Meanwhile, the disciples urged him, “Rabbi, eat.” But he said to them, “I have food to eat of which you do not know” (Jn 4:31-32).

The disciples of Jesus had just returned with some food, but Jesus was already fulfilled from his encounter with the Samaritan woman at Jacob’s well. Though one of the longest readings we will experience during Mass, save the Passion narrative, it is one of the most powerful.

From the beginning of this retelling, Jesus again does not recognize social taboos. He engages a woman at the well at noon who is also a Samaritan. None of these three details are in any way minor. Devout Jewish men did not speak with women in public, and they surely did not engage in discussions with Samaritans male or female. The most subtle of details, that the woman is by herself at the well around noon, may well be missed by us who do not frequent many wells.

The most common time to gather water would be the early morning or evening when it was cooler. This would also be an opportunity for social interaction with others doing the same. This woman coming at this time of the day would be sure that she would be alone. This Jesus picks up on when he asks her, “Go call your husband and come back” (Jn 4:16).

From the beginning of the conversation that Jesus initiates to the time she heads back to her village, Jesus engages her and leads her to a higher level. He does not judge her but loves her. He meets her where she is, engages her as she is, but seeks more for her. The blessing is that she is willing to follow his lead. By the end of the conversation, she has gone into her town with the courage of any of the earliest martyrs.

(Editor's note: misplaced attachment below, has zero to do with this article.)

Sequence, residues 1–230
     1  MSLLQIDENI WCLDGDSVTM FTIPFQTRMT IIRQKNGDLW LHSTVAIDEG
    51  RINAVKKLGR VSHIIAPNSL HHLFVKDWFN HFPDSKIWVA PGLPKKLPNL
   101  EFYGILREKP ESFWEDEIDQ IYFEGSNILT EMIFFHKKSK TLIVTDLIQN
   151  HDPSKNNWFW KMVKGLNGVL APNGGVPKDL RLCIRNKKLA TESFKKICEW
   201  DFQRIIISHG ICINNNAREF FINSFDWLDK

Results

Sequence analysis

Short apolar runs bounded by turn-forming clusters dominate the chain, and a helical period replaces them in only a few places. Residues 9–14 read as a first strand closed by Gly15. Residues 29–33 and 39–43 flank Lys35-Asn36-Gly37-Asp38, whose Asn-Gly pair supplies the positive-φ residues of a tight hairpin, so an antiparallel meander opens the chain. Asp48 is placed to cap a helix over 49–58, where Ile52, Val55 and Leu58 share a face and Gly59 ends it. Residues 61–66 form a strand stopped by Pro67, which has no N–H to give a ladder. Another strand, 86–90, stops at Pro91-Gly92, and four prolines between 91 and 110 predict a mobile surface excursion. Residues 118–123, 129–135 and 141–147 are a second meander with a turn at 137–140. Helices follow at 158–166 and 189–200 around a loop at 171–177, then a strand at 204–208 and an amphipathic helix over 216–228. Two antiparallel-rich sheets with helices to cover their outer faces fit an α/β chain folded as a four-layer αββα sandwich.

This woman, who came to the well at noon to avoid being seen, now left to return to the people of her village to proclaim that she had encountered the Messiah, a Jewish man. Her witness must have been powerful for the people who most likely had judged her and made certain that she was on the peripheries, came to see Jesus because of her testimony, and then they encountered Jesus for themselves and believed.

Jesus entered the Samaritan woman’s life through her door but she went out of his door. So many of the conversion stories in the Gospels happen in this way. The transformation happened in the lives of people because Jesus made the time to be present with them, he loved and accepted them as they were, and then lead them to realize there was so much more to life than the limited-expression they had experienced. Jesus also helped so many to be free from the self-imposed outsider status from within or exteriorly from the community without.

Jesus seeks to encounter us in the same way and once we have encountered his acceptance and love we are to resist holding on to this gift for ourselves alone, but to go forth to proclaim the good news we have received as did the Samaritan woman. We are to treat those in our realm of influence in the same way as Jesus treated so many.

Evangelization of the Good News is not about Bible-thumping and condemnation. Proclaiming the Gospel is about engaging in and building relationships, being present, and willing to accompany others in their lives and allowing God to be engaged through our relationships. This is when we are at our best and when we too are willing to be engaged and able to allow Jesus to work through us the love of the Holy Spirit is present. Then we too will be able to experience the satisfaction and fulfillment Jesus had with his encounter with the Samaritan woman who was lost but had now been found.


Painting: Closeup of Samaritan woman by the well – The Benedictine Sisters of Turvey Abbey

Link for the Mass readings for Sunday, March 15, 2020

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